(Spoilers for the most recent episodes of “Game of Thrones” ahead.)
OK, so obviously, Jon Snow is alive.
While that feeds the international desire for an answer to the character’s fate, there’s more to life, and most certainly to fate, than opening one’s eyes and breathing. One must have purpose.
“Jon’s never been afraid of death, and that’s made him a strong and honorable person,” Kit Harington told Entertainment Weekly of his character’s future.
“He realises something about his life now: He has to live it, because that’s all there is. He’s been over the line and there’s nothing there. And that changes him. It literally puts the fear of God into him. He’s seen oblivion and that’s got to change somebody in the most fundamental way there is.”
Now that Jon Snow is back from the dead, automatically there’s a checklist of things that he has to do. After all, “Thrones” fans haven’t spent the last 10 months debating, looking for clues, examining the blood splatter, tracking Harington’s travel, and making sure his curly locks hadn’t been shorn just because they would miss the actor, right?
We didn’t think so. It’s his story going forward that matters.
Here’s a look at what may lie ahead for the resurrected Jon Snow:
A popular hashtag floating around Twitter for the past year has been #ZombieJonSnow. It's a fitting description for the man we may meet on the next few 'Thrones' episodes.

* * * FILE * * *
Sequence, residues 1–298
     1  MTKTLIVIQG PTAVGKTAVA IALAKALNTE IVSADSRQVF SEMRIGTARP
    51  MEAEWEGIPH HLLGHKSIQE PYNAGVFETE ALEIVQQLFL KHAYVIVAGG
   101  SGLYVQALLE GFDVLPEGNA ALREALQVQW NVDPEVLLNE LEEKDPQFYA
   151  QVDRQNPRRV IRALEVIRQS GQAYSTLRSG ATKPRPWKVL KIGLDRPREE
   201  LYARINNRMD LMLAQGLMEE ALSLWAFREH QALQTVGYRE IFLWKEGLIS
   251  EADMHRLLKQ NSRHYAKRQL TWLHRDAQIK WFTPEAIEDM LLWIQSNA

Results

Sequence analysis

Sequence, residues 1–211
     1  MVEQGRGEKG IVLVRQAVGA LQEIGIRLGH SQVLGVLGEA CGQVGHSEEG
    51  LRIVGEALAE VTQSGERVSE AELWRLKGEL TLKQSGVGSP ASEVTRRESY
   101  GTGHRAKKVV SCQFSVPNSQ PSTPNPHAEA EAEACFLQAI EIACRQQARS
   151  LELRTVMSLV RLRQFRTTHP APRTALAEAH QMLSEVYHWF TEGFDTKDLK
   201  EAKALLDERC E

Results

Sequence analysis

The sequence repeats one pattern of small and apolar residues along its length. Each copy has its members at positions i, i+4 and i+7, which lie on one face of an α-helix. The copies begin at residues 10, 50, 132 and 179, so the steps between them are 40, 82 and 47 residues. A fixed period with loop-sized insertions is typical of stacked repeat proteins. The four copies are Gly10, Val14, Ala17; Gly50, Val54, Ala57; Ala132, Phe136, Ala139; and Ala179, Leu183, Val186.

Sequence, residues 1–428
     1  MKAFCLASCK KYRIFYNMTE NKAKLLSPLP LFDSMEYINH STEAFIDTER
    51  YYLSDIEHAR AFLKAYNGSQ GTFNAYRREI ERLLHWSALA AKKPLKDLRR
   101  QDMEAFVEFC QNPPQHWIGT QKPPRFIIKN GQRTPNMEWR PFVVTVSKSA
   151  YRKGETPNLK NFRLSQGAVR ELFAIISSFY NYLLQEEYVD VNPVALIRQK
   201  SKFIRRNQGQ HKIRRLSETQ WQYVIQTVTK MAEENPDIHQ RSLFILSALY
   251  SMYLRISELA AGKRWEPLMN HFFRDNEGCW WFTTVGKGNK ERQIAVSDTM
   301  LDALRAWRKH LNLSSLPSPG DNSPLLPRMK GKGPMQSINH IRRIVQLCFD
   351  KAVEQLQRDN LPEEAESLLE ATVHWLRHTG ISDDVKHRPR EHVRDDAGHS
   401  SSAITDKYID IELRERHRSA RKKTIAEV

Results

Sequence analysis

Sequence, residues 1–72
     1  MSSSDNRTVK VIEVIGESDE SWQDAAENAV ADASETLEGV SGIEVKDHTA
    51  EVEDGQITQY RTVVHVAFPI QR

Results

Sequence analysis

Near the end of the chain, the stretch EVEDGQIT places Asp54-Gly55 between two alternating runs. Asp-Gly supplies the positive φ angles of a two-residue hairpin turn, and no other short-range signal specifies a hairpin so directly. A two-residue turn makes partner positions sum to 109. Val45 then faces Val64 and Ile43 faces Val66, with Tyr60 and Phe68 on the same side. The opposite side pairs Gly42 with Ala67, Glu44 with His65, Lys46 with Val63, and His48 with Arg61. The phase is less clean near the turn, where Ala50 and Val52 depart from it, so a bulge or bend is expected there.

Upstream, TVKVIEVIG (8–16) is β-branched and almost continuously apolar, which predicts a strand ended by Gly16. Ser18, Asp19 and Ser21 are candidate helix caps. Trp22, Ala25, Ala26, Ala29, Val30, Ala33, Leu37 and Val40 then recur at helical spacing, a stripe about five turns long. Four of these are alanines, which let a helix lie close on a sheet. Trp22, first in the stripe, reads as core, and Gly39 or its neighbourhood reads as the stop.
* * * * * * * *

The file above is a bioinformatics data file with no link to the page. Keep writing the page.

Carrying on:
There has been a longstanding rule in George R.R. Martin's 'A Song of Ice and Fire' books universe that whenever a character returns from death, a piece of his humanity is lost.
'My characters who come back from death are worse for wear,' Martin said in a 2011 Sound of Young America radio interview. 'In some ways, they're not even the same characters anymore. The body may be moving, but some aspect of the spirit is changed or transformed, and they have lost something.'
Now that he's back, it might seem as if Jon Snow must reclaim his position of Lord Commander of The Night's Watch. After all, he did make an oath. But by virtue of having died, Jon Snow may get out of the oath due to a loophole.
'Night gathers and now my watch begins. It shall not end until my death,' the pledge states.
The oath also says he can't marry, have children, or take a throne. The Week points out that the upcoming third episode is titled, 'Oathbreaker.' On to bigger and better things?
Maybe not. Melisandre believes Jon Snow could be the second coming of great hero Azor Ahai, or 'the prince that was promised.' If so, one of his tasks is to protect people from the White Walkers. So at the very least, his and the Night's Watch's duties align.
In order for Jon Snow to truly be the chosen one, he needs to be born from the line of House Targaryen.
That brings us back to a popular fan theory that Jon's real parents are Lyanna Stark (Ned's sister) and Rhaegar Targaryen. That would make him Daenerys' (Emilia Clarke) nephew.
As the chosen one, Jon Snow will have to find a mythic sword called the lightbringer, appropriately named since it's for fighting the darkness.
The last time viewers saw the sword, it was with Stannis Baratheon (Stephen Dillane). But since it only glowed with light and didn't radiate heat, Melisandre (Carice van Houten) got an inkling that Stannis wasn't the chosen one.
Part of the prophecy for the chosen one includes partnering with the Children of the Forest in order to win the war against the White Walkers. Well, guess who's really chummy with the Children? Bran Stark (Isaac Hempstead-Wright). That would be a natural way to reunite Jon with his half-brother (or half-cousin if Lyanna is his mother) and continue his mission.
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